Unreviewed Mixed Matters

The Museum World’s Convention in Kyoto

Persistent Identifier
Roeland Paardekooper (NL)
Printer Friendly, PDF & Email

ICOM is the international council of museums with over 40,000 members. Every three years, ICOM organises a large convention for museum professional; this year the 25th ICOM general conference was held in Kyoto, Japan. It was the largest conference ICOM ever organised, with 4,500 delegates.

We later understood, that in Japan, based on archaeology, there are 115 reconstructed houses, 90 other reconstructed buildings and 585 archaeological sites with reconstructive improvements. It is safe to say that a whole new world opened up for us. 


EXARC was invited by ICOM Netherlands as co-host for a session of lectures, together with ICOM Japan, the International ICOM Committee for Historic House Museums (DEMHIST) and the Japanmuseum Sieboldhuis (NL). As a thank you for our help in organising the session, the EXARC director was invited by ICOM Netherlands to come and join the conference in Japan. 

The joint session went by the name “large impact by joining forces.” Starting from the long-time relation between Japan and the Netherlands, we explored the idea of museums as cultural hubs. Dr Schiermeier from the JapanMuseum Sieboldhuis (NL) and Dr Jamaguchi from the Dejima Museum (JP) presented a solid base for these ideas. EXARC was especially happy to involve the Dejima Museum (https://exarc.net/venues/dejima-jp), as a fine example of a Japanese archaeological open-air museum. Prof. Em. Hendry, Oxford Brookes University (UK), then explained how Dutch culture was presented in Japan in theme park style, for example at Huis ten Bosch near Nagasaki. If you like to know what a museum is, you should look on both sides of the border, and that is exactly what professor Hendry helped us doing. The keynote presentation was given by Gail Lord (CA), a well-known museum planner, museum theorist and author of many books on the subject. She argued that a museum in itself is no hub, but can be part of a large network of organisations and people who together form a hub. Museums should join forces with others to ensure a larger impact. In-between presentations there was ample time for discussion, under coordination of Ms Meijer van Mensch, member of the ICOM Executive Council and director of the State Ethnographical Collections of Saxony (DE).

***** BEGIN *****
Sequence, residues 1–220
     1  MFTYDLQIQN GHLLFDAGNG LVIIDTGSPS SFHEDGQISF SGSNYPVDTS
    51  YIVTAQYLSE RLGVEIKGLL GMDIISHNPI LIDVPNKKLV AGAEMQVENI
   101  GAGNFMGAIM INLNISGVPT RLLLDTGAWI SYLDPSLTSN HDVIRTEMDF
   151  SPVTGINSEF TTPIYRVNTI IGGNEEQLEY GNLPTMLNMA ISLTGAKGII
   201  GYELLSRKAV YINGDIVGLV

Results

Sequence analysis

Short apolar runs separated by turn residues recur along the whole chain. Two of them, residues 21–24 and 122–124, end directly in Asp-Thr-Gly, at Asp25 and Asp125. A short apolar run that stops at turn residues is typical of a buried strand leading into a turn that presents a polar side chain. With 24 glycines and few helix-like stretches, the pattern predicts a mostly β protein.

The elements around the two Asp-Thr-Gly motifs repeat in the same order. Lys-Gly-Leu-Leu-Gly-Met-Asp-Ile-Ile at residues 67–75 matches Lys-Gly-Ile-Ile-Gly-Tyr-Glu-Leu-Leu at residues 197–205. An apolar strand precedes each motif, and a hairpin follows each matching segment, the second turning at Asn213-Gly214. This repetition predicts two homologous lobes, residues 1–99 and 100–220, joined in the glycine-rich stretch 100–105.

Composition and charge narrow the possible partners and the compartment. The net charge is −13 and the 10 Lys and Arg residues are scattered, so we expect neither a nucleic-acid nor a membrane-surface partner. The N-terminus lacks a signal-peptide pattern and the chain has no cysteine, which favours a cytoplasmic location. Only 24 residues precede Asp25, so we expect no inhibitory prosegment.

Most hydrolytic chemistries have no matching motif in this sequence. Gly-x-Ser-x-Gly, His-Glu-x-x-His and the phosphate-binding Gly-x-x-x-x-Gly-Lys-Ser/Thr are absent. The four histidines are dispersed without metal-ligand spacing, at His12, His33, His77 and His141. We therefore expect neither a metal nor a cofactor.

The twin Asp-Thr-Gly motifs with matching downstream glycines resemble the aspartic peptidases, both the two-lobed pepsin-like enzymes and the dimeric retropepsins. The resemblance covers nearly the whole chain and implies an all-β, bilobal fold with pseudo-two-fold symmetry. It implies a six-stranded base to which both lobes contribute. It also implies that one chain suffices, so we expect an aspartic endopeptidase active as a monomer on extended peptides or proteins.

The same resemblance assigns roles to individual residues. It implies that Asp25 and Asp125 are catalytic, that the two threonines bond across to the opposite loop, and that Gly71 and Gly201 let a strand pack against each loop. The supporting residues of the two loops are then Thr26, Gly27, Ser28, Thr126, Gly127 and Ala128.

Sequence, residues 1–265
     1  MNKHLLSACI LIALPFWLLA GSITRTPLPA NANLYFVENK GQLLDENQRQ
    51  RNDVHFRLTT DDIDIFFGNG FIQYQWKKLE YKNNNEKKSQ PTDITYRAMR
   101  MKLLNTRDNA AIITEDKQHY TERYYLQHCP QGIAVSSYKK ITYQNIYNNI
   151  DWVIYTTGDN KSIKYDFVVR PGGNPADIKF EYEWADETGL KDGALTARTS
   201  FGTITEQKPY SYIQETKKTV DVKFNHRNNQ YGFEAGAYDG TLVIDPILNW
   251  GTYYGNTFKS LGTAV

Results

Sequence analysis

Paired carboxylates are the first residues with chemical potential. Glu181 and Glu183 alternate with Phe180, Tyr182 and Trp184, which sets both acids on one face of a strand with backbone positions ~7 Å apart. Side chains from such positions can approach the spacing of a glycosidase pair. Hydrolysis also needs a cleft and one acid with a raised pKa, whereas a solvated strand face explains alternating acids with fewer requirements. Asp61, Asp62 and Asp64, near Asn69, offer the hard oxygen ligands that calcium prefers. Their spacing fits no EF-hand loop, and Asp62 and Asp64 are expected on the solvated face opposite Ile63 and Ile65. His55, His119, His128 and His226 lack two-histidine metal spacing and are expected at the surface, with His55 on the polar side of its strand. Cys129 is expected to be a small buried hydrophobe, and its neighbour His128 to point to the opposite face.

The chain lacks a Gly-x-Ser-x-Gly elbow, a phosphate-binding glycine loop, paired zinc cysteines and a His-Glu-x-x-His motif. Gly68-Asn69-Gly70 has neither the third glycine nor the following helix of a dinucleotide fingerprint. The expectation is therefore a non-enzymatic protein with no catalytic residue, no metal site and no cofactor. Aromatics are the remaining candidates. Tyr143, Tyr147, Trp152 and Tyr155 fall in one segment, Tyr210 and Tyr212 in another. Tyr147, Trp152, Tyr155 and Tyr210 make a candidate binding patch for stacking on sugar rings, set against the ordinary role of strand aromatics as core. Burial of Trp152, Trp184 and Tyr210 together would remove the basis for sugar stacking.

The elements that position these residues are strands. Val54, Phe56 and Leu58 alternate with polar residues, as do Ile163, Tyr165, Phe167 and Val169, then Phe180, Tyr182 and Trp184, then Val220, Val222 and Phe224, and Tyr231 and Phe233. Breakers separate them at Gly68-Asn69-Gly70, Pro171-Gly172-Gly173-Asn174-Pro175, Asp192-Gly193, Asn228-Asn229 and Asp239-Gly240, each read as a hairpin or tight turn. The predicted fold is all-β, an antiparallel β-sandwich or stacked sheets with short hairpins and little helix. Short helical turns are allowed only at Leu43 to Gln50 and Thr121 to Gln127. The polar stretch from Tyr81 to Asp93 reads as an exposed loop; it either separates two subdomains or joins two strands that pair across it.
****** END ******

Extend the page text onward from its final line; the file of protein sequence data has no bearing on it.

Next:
There were dozens of simultaneous sessions in the large conference centre. Many International ICOM Committees generally do not just have a single session, but have a program which takes several days. One of these committees is the International Committee for Museums and Collections of Archaeology and History (ICMAH). Their program was titled “reconsidering museums versus contemporary archaeology”. Over 35 museum professionals from all corners of the world reflected on this, including EXARC director, Roeland Paardekooper, who presented a lecture called “the use of archaeological open-air museums – an international perspective”. We immediately established that EXARC were not the only ones working with archaeological open-air museums here. Colleagues were pleased to notice that there are museums in Europe and North America dealing with similar activities, themes and issues as elsewhere in the world. This is a fundamental thought behind EXARC. 


EXARC managed to organise two excursions while in Japan, partly with the help of local colleagues and thanks to the efficient and well organised country. Our first excursion was to Nara, where we visited Heijō Palace (平城宮 Heijō-kyū) (https://exarc.net/venues/heijo-palace-jp). During most of the Nara Period (710-794 AD), Nara served as the capital of Japan. The palace we visited served as the site of the emperor's residence and government offices. For its great historical and cultural importance, the palace site of Nara is included as a UNESCO World Heritage Site. It has been under reconstruction since opening to the public in 1998, but already looking very impressive. The museum is closely linked to the Nara National Research Institute for Cultural Properties, an organisation committed to comprehensive research on ancient cultural heritage in Japan.